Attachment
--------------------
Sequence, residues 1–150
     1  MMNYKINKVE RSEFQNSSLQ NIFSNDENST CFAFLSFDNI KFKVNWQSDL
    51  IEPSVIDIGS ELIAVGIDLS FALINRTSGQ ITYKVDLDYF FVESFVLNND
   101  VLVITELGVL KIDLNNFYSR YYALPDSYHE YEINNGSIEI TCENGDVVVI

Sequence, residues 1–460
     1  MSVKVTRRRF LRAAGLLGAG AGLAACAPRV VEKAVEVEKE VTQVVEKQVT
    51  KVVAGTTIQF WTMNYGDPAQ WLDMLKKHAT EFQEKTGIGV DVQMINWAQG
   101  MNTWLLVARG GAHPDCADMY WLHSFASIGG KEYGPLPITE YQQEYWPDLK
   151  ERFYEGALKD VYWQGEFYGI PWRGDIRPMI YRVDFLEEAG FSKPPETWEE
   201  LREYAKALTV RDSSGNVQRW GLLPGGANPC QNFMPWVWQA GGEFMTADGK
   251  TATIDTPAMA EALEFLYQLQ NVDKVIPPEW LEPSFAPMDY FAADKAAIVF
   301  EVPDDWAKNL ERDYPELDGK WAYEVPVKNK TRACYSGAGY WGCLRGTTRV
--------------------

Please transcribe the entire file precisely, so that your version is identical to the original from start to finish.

Sequence, residues 1–150
     1  MMNYKINKVE RSEFQNSSLQ NIFSNDENST CFAFLSFDNI KFKVNWQSDL
    51  IEPSVIDIGS ELIAVGIDLS FALINRTSGQ ITYKVDLDYF FVESFVLNND
   101  VLVITELGVL KIDLNNFYSR YYALPDSYHE YEINNGSIEI TCENGDVVVI

Sequence, residues 1–460
     1  MSVKVTRRRF LRAAGLLGAG AGLAACAPRV VEKAVEVEKE VTQVVEKQVT
    51  KVVAGTTIQF WTMNYGDPAQ WLDMLKKHAT EFQEKTGIGV DVQMINWAQG
   101  MNTWLLVARG GAHPDCADMY WLHSFASIGG KEYGPLPITE YQQEYWPDLK
   151  ERFYEGALKD VYWQGEFYGI PWRGDIRPMI YRVDFLEEAG FSKPPETWEE
   201  LREYAKALTV RDSSGNVQRW GLLPGGANPC QNFMPWVWQA GGEFMTADGK
   251  TATIDTPAMA EALEFLYQLQ NVDKVIPPEW LEPSFAPMDY FAADKAAIVF
   301  EVPDDWAKNL ERDYPELDGK WAYEVPVKNK TRACYSGAGY WGCLRGTTRV